“He asked me if I liked it,” she said.
He would sometimes brush her chest outside her clothing. But the signal that things would become more confusing was a day when he had her on his lap in his office, unzipped her jumper and put his hand inside. He was interrupted by a secretary walking in and launched the little girl off his lap.
“That incident confused me and frightened me,” she said. She threw the jumper in the garbage.
Grade 4 saw the assaults become weekly, more intrusive and unwanted. Sylvestre would select Murphy-Myers from the classroom to fold bulletins. He’d get her alone in his office or the rectory, hug and kiss her and touch her both over and under the clothes.
He often smelled of alcohol. He always wanted her to sit on his lap.
“I can remember trying to change the way I dressed so it would be more difficult to have access to me,” Murphy-Myers said.
The assaults became more intrusive, with Sylvestre grabbing her inside her underwear. “I was really, really scared,” she said.
When her big crinoline under her dress caused her to slip off his lap, Sylvestre repeatedly hauled her back, grabbing under her skirt, until he was sexually assaulting her.
No one saw it. She recalled looking toward her teacher and wondering, “Why aren’t you helping me?”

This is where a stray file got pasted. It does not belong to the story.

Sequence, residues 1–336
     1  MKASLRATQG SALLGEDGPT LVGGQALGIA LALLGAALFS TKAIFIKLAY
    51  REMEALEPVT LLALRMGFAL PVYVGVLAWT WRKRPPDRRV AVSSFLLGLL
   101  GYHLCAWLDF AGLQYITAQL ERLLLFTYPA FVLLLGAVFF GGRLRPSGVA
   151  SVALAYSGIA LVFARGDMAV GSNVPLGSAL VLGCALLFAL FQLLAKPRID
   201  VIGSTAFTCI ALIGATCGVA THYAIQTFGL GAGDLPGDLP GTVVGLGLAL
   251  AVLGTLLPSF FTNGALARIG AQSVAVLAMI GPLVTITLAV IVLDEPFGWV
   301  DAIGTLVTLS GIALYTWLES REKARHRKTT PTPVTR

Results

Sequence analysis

When Murphy-Myers would stop visiting the priest, he’d call her house. She said her mother wanted her to go back and was proud she was “a really good little Catholic girl.”
She started to pretend to be sick so she wouldn’t go to school. She couldn’t concentrate for fear Sylvestre would arrive to take her out of class. She couldn’t do her homework and thought “there’s no way God would let this happen.”
The last assault involved Sylvestre exposing himself and asking her to touch him. “I don’t know how it ended. I assume I left,” she said.
After that incident, she says she must have told her parents — she doesn’t remember — but knows she never had to return to church and was placed in a public school the following year.
She started Grade 6, but was put back to Grade 5. She retreated into her shell and stopped all activities.
When she found out Sylvestre had left Chatham, she regained some of her self-esteem.
In high school, she was placed in the general program and was a cheerleader to satisfy her parents’ expectations. As a relationship with a boyfriend when she was 16 intensified, she tried to kill herself by taking her mother’s heart medication.
Murphy-Myers told her mother it was because of Sylvestre. She was told to “suck it up” and not let it control her.
She went on to get her hair-styling diploma.
Years later, in 2005, she finished her degree in psychology from the University of Windsor.
The trial continues.
THE SYLVESTRE CASE
47: Convictions of indecent assault in 2006 involving 47 girls from parishes he served in Windsor, Sarnia, London, Chatham and Pain Court over four decades.
3 YEARS: His prison sentence.
3 MONTHS: Time the disgraced priest served in prison before dying at 84.
64: Civil cases involving Sylvestre settled by the Roman Catholic Diocese of London.
13: Cases yet to be settled